Introduction to leading an immigration legal services ministry to serve low-income clients. Includes strategic planning, identifying a market, engaging financial support, creating a non-profit entity and board, managing key functions, staffing and supervising, promoting services, building relationships with immigrant communities, and applying for BIA accreditation.
Students who complete the basic immigration law training can only practice immigration law under the supervision of an attorney or in a BIA-accredited center that serves low income clients. According to many sources, there are not enough law firms or centers to even begin to meet the need for legal services. More centers are needed, but the training for setting up a center and managing it effectively is rarely offered. When such training is offered, it tends to be either a quick workshop or purchase of an expensive ongoing membership with a mentoring agency. A course in nonprofit management might appear to be another option for training, but an immigration legal services center is actually a specialized law office with unique requirements and limitations. The 3000-level course is designed for students who join the staff of an ongoing center and students who plan to start a small center with limited services.
Leaders of BIA-accredited immigration legal service centers need specialized skills to simultaneously manage a law practice, operate a non-profit agency, serve an intercultural socioeconomic clientele, promote a business, create partnerships, and obtain or maintain accreditation. In addition, this course will explore and develop the skills and opportunities for ministry.
The course will examine Biblical concepts of leadership, ministry to low-income clients, professional standards, and the treatment of foreigners.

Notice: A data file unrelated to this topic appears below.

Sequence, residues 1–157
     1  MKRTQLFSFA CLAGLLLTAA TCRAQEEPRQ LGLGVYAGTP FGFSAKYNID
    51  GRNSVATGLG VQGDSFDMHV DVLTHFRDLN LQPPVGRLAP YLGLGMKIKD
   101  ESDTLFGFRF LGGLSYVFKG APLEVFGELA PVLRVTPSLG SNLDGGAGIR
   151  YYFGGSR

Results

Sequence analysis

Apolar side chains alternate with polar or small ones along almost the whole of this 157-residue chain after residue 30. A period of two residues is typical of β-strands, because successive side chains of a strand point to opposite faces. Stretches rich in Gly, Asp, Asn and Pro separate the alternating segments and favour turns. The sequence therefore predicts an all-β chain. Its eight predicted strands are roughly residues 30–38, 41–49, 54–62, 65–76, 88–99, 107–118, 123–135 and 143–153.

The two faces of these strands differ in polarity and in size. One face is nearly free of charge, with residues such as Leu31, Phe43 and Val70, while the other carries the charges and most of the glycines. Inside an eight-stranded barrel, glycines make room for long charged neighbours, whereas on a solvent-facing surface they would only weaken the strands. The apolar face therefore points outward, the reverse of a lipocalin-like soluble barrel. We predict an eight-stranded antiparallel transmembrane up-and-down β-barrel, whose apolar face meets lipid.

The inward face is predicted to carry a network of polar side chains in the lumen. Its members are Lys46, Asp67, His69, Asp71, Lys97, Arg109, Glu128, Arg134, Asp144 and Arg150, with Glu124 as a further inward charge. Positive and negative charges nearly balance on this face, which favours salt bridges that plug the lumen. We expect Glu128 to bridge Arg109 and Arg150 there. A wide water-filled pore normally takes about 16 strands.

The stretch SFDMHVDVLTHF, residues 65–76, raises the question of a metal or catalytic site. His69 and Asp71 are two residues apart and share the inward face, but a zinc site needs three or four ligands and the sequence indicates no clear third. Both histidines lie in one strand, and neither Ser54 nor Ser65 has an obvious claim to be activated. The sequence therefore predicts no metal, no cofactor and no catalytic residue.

Students will study tools and techniques for discerning community needs and openness to a legal services ministry. Course topics will also include principles for building relationships with local churches, exploring open doors to immigrant communities, promoting the services of the center, and establishing the center as a bridge between immigrants and Great Commission Christians.
In the process of researching possible sites and target groups for starting or further developing a center, students will investigate potential contexts, including geographic locations, one or more people groups, and the characteristics of a sociocultural market. Members of the class will compare and contrast their findings on different locations, groups and markets.
Cultural differences and culturally-appropriate methods are very important in the successful launch or promotion of an immigration legal services center. During the course, students will investigate and then discuss their observations, impressions and options. Similarly, churches that support such centers have cultures and attitudes of their own. Students will interview and report on the perspectives of key church leaders.
At the 3000-level, students will examine an established ministry center. Activities may include interviewing current leaders, observing clients, researching the community that is served by the center, investigating promotional materials and methods, and inspecting the center's records, policies, and procedures. Courses at both levels will create a business plan and ministry proposal to start a new immigration legal services center. The course will also cover the process of applying for BIA accreditation. Students may modify some of the course assignments to develop an application to submit to the BIA.
In the course assignments, students will research real people groups, real sites, real centers and real leaders. They will be encouraged to design a business plan/ministry proposal for an actual ministry center. During the course, members of the class will have opportunities to share insights and information to assist other students in their understanding of ministry skills and awareness of cultural differences.